Book Review: "The Cash Flow Investor"

A fresh look at syndication investing from Kevin Bupp with an emphasis on mobile home park syndications.

Mobile home park investing can have a stigma, author Kevin Bupp notes, but it shouldn't. Bupp, a syndicator who specializes in this area of investing, argues that the creation of a vibrant mobile home community can be enormously rewarding for everyone involved--from residents to investors.

In "The Cash Flow Investor: How to Create Financial Freedom Investing in Commercial Real Estate," Bupp covers a lot of ground--starting with mobile home park investing but expanding well beyond. Published in April, 2022, this book takes the reader through the ins and outs of putting together a syndication. It is probably most useful to someone who is getting into the game of pulling together their own syndicate but it is a useful guide to anyone interested in investing in commercial real estate.

Especially compared to the many other books in this genre, Bupp's new title features a heavy emphasis on mobile home parks, his personal area of expertise. He is aware that this is only one possible part of the story, of course, so he broadens out the argument beyond his particular area of expertise. To enrich the story, Bupp brings in other well-known names to discuss other asset classes: Rod Khleif on Multi-Family Investing, Scott Myers on Self-Storage, Gene Guarino on Assisted Living, and Brian Spear on Parking Lot Investing. It's a clever approach; the added voices near the end enliven the text.

Strengths of Bupp's book include:

  • Many rich case studies on specific deals, including photos and substantial details on the deals and outcomes. Most of these deals took place in the past five to ten years (roughly 2015-2020 or so).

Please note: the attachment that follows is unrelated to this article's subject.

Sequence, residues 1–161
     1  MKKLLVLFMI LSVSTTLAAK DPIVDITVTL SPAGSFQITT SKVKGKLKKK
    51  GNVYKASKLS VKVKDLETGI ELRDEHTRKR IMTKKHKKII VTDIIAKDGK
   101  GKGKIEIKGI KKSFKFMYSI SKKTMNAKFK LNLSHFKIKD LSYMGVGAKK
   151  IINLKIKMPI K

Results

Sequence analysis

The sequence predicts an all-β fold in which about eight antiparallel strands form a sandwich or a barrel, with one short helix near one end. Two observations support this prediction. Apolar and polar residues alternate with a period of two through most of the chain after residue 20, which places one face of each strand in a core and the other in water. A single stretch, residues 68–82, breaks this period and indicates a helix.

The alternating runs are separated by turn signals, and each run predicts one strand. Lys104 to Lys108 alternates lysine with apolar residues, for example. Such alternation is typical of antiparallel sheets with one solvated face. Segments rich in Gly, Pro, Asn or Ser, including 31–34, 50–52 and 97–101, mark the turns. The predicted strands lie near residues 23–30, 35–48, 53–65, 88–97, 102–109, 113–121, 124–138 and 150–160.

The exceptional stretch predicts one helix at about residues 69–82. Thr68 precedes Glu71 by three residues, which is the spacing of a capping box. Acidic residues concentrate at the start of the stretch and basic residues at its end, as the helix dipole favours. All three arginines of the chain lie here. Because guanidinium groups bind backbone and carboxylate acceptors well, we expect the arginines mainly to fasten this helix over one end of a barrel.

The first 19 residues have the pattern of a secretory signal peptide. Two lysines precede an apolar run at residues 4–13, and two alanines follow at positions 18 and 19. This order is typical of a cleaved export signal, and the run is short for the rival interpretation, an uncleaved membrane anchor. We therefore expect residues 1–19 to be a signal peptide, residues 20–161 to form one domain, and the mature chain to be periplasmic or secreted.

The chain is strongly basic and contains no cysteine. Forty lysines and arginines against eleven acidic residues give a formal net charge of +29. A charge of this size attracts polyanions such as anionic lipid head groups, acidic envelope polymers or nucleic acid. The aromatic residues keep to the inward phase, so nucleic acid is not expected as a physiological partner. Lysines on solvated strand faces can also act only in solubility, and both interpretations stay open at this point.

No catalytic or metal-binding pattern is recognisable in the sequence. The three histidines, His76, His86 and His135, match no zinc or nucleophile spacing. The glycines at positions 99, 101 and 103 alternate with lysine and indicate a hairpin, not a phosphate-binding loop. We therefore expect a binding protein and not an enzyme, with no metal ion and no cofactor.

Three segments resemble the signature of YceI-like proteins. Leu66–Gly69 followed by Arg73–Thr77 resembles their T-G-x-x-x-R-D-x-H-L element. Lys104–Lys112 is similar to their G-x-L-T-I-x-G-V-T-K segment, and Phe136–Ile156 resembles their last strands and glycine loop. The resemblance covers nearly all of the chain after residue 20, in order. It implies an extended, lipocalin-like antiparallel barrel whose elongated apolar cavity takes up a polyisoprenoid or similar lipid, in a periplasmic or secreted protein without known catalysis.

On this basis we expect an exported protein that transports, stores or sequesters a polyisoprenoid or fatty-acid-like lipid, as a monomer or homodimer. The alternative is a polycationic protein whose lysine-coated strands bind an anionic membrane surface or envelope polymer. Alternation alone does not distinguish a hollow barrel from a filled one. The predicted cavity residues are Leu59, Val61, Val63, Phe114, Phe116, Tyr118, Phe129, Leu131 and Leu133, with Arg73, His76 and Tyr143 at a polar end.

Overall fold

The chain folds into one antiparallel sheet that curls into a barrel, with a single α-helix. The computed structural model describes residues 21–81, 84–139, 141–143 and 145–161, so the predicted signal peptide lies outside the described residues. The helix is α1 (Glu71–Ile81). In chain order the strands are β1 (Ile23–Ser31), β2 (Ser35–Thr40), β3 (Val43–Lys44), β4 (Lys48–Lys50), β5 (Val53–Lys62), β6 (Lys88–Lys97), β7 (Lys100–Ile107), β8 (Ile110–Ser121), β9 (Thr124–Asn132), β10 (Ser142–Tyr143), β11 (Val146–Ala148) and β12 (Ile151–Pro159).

• Bupp places a great deal of emphasis on getting your "why" right up front and the sense of purpose you bring to your investing. His emphasis on supporting strong, vibrant communities through is housing development is an inspiring aspect of the text.
  • He offers specific steps for the syndicator along the path. For instance, Bupp shows what should go into an offer and then describes how the investor (would-be syndicator) might respond to various objections from the would-be seller.
  • At first this book might not seem that useful to an aspiring limited partner (LP) in, say, multi-family investments. The passive investor will benefit from seeing the way that the syndicator approaches a deal--and also might benefit from thinking about another asset class within commercial real estate that could be of interest as that LP considers diversifying her or his investments.

We were glad to spend time with Bupp's text and encourage others who want to go deep on the topic of syndications to consider adding it to their reading list.

(An aside: If you prefer to learn through audio--or you'd like to hear more from Bupp-- consider listening to his interview with Kathy Fettke on the Real Wealth Podcast. It is her episode #866 and is entitled "Finding Your Real Estate Sweet Spot from a Mobile Home Park Expert." It's a 32 minute listen instead of the few hour read of the book.)